As the conflict in Yemen passes the grim 1,000-day milestone, the United Nations is warning that if humanitarian workers cannot gain greater access and the violence does not subside, the cost in lives will be incalculable.
“As violence has escalated in recent days, children and families are yet again being killed in attacks and bombardments,' the heads of key UN agencies said Friday in a joint statement, as they once again appealed to parties to the conflict to immediately allow full humanitarian access in Yemen and to stop the fighting.
World Health Organization (WHO) Director-General Tedros Adhanom Ghebreyesus, World Food Programme (WFP) Executive Director David Beasley, and UN Children's Fund (UNICEF) Executive Director Anthony Lake, painted a dire picture of what 1,000 days of brutal violence in Yemen has wrought saying the fighting has driven families from their homes, destroyed hospitals and damaged schools.
“More than 1,000 days of children recruited to fight […] 1,000 days of disease and death [and] of unimaginable human suffering,” they said, adding that the conflict has created the worst humanitarian crisis in the world – a crisis which has engulfed the entire country.
Some 75 per cent of Yemen's population is in need of humanitarian assistance, including 11.3 million children who cannot survive without it. At least 60 per cent of Yemenis are now food insecure and 16 million people do not have access to safe water and proper sanitation. Less than half of Yemen's health facilities are fully functional and medical staff has gone months without being paid their salaries.
“This horrific tally of the conflict's devastation reflects only what we know. In reality, the situation is likely to be worse. UN agencies do not have full humanitarian access to some of the hardest hit communities. In many, we cannot even assess their needs,” the UN leaders explained.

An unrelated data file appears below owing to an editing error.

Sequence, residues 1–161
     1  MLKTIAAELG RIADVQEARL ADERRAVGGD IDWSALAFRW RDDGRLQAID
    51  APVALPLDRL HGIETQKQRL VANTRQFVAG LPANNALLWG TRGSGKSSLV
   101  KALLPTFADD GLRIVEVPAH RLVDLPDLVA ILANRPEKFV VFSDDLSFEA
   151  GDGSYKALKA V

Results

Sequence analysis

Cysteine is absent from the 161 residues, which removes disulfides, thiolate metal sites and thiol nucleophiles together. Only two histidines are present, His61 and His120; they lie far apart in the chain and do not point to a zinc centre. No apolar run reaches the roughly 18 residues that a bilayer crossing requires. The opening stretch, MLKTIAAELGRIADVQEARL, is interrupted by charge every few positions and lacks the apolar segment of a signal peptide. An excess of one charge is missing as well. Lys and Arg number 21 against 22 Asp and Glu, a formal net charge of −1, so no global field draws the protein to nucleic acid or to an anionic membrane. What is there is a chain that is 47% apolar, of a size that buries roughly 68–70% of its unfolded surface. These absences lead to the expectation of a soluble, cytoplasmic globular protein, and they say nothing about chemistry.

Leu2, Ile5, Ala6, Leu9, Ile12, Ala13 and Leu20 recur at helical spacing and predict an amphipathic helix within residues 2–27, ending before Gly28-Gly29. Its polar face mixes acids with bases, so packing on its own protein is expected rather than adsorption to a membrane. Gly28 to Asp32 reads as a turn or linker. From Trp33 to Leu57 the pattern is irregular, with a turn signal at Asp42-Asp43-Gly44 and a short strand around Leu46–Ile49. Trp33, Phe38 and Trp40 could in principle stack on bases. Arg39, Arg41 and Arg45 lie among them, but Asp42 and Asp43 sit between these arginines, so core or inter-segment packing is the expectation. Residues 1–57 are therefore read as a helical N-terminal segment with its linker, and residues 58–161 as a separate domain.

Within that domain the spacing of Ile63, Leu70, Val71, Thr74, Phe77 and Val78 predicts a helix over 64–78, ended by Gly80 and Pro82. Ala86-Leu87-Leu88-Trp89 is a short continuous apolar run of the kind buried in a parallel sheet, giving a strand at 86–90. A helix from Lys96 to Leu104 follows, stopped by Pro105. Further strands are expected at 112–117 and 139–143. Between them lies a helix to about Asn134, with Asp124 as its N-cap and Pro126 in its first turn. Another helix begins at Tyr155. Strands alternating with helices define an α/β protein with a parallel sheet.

“But this we do know: Yemen has passed the tipping point into a rapid decline from crisis to deepening catastrophe.”
While acknowledging some progress in recent days with the first commercial fuel imports allowed into Hudaydah port, following recent commercial food imports, the agency chiefs said it is critical that these supplies are maintained, as restrictions on fuel imports have caused the price of diesel fuel to double, threatening access to safe water and sanitation, and urgent medical care.
Far too many hospitals are short of fuel for the generators that allow them to stay open. Water pumping stations serving over three million people are quickly running out of the fuel they need to operate, while the price of commercially trucked water has increased up to six-fold.
“Safe water is now completely unaffordable for more than two thirds of Yemenis living in extreme poverty. All of this threatens to undermine efforts to contain the ongoing, deadly outbreaks of diphtheria, cholera and acute watery diarrhea,” they warned.
“We remain committed to helping the people of Yemen. We have reached nearly six million people with clean water, distributed 3.7 million litres of fuel to public hospitals, treated more than 167,000 children for severe acute malnutrition,” they noted but warned: “Yet worsening conditions on the ground threaten to overwhelm our capacity to respond.”
“Yemen's families should not have to withstand another day of war, let alone another 1,000,” the UN leaders concluded.